Monday, December 16, 2013
Another brutal season staggers to finish
By Pat McManamon
A long Cleveland Browns season gets longer by the week, and may continue with the team's best defensive player sidelined after getting kneed in the hip.
Joe Haden hobbled into the team's media room to say he was in a lot of pain after he was inadvertently hit, and that he had “no idea” if he could practice or play this week.
Haden may respond quickly to treatment, but that remains to be seen.
Haden's absence creates a strong ripple effect throughout the defense. He covers the opponent's best receiver. Chris Owens, the team's nickel back, is already on injured reserve. Without Haden and Owens, the Browns would have their second, fourth and fifth corners playing in the first, second and third slots against the New York Jets.
Buster Skrine and rookie Leon McFadden have been victimized lately, and Julian Posey becomes the nickel. Teams find players everywhere, but Posey has been active for just three games this season.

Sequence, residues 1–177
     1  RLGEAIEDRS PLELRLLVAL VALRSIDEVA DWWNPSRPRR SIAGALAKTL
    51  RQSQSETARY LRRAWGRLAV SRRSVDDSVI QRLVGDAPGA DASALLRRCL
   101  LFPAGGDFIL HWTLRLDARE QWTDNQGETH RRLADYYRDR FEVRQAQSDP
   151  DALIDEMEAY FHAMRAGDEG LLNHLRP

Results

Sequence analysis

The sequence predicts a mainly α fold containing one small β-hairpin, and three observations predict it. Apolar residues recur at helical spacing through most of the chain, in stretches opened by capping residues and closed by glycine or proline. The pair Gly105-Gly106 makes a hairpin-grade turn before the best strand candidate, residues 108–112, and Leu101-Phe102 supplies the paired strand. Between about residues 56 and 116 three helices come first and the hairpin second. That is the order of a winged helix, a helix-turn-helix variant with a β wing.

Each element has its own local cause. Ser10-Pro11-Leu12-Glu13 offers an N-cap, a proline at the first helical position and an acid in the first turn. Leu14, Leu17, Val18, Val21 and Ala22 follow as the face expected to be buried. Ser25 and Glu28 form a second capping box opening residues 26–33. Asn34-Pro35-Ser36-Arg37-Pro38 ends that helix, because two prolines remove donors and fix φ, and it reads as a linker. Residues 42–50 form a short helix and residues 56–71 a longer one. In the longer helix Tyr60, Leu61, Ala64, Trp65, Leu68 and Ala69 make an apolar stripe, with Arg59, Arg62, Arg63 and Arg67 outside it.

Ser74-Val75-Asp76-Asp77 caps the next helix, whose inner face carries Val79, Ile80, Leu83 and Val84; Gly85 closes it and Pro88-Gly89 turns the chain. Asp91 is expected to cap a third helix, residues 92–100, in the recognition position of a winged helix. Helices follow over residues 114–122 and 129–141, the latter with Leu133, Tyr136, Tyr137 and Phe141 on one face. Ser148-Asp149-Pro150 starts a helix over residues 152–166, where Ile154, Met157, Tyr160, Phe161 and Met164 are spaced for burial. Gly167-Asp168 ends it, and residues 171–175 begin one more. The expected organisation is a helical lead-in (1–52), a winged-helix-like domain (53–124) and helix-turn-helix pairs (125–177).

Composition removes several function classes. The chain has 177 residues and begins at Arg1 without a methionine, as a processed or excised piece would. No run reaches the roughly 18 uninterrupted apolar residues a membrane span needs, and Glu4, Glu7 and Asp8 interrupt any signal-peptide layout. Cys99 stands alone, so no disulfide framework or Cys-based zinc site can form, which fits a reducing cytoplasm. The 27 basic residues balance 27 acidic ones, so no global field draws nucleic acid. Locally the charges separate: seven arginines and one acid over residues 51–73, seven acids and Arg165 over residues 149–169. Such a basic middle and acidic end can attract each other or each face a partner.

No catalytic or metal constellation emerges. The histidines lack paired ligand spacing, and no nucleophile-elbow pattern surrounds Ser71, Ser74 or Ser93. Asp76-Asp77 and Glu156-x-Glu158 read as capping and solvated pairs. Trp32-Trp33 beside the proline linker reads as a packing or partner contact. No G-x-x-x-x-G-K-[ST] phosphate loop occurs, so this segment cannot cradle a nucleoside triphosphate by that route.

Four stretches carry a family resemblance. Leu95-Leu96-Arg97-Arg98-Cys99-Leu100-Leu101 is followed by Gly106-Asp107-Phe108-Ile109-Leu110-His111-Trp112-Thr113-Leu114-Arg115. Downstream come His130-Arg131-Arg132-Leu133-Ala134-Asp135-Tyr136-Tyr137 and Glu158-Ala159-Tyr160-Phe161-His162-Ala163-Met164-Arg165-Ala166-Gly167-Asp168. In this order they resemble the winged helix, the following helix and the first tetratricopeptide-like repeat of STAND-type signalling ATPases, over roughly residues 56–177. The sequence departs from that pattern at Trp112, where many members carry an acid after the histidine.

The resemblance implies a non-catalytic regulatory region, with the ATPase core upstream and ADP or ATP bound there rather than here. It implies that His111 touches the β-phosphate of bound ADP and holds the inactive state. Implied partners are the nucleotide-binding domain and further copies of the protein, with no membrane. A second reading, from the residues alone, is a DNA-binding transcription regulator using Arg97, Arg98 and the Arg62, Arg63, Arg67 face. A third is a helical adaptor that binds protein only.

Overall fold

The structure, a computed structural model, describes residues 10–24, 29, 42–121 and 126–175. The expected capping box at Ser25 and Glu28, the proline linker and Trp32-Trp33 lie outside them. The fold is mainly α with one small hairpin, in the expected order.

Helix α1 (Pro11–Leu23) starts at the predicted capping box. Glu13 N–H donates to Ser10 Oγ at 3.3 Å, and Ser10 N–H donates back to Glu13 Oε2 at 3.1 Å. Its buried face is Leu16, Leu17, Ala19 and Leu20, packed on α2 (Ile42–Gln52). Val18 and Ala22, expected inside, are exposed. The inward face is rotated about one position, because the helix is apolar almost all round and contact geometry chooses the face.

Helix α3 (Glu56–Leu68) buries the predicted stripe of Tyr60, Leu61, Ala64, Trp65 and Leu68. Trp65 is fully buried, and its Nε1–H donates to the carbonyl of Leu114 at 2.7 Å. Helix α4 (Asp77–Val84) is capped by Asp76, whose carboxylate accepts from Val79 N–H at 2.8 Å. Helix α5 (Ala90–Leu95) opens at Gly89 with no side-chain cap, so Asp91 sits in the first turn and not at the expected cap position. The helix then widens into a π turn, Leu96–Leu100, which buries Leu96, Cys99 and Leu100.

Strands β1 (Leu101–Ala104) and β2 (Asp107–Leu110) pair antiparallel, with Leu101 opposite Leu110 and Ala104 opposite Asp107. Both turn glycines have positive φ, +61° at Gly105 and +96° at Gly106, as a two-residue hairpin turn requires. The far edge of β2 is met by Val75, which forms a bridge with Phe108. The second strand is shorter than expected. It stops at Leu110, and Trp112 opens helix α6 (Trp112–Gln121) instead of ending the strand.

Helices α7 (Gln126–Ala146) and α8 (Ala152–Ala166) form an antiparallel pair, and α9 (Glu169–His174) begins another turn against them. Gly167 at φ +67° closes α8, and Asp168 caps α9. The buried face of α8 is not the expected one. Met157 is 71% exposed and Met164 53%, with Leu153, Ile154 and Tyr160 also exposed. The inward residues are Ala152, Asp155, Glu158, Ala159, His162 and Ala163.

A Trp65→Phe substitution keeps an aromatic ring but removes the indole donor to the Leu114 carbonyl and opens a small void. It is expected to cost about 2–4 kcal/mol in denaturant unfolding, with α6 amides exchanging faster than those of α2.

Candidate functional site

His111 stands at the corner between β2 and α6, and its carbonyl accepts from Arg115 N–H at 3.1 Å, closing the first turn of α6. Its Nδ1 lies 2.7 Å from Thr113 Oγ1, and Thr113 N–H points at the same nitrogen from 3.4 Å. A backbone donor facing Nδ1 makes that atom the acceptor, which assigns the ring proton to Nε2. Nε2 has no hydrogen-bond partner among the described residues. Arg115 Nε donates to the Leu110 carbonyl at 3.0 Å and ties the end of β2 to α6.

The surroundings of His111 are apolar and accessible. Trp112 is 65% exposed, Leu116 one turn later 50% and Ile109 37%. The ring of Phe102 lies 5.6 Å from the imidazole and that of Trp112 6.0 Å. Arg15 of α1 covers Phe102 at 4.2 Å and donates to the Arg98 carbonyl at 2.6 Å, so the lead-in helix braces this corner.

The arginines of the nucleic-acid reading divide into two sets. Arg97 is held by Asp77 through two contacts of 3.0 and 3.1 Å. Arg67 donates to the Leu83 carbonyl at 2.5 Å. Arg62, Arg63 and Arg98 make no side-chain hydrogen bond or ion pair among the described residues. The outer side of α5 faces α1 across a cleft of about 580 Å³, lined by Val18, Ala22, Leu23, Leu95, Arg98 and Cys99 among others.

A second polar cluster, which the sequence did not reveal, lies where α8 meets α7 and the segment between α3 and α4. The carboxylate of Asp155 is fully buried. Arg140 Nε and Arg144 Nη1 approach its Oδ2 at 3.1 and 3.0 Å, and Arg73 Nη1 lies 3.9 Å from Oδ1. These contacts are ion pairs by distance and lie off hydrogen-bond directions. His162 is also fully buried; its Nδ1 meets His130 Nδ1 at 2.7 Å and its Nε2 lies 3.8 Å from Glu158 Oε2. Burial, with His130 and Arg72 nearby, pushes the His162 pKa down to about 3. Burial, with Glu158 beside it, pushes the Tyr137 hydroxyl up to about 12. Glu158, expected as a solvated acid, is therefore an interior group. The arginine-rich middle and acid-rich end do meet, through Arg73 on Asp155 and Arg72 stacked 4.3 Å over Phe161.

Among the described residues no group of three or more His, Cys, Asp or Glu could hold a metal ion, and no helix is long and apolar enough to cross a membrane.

If Haden can't play, it would seem defensive coordinator Ray Horton would have to adjust coverage, perhaps have the corners play sides, or even play more zone.
The good news is rookie quarterback Geno Smith hasn't exactly lit the world on fire in New York -- he's completing 55 percent with more than twice as many interceptions (21) as touchdowns (10).
The Browns are left to wonder what happened to a season that had many thinking the playoffs were possible when they started 4-5. In hindsight, the playoff chatter was ludicrous -- not because of the past five losses in a row -- but because they only won one game in the four before the bye. Five losses since the week off make 10 for the season. Again.
Players keep promising things will change. In fact, they vow it will change. They believe in each other, and in the coaches. They wonder why things aren't going well. Haden said players are having serious, legit discussions with coaches about what to do. He said it's “not the same old Browns,” a notion coach Rob Chudzinski seemed to favor.
“We're not going to hope we get better,” Chudzinski said about 12 hours after the birth of his fourth child, a boy. “We're going to make good things happen. We're going to be proactive and I've challenged our coaches and players to be part of the solution.”
Chudzinski means it, and he cares.
But the problem is the same things have been said over and over the past many years.
The end results eventually are the same: For the sixth season in a row, and for the 11th time in 12 seasons, Cleveland finishes with at least 10 losses.
Which leaves the fans -- like they were Sunday -- standing out in the cold waiting for something good to happen.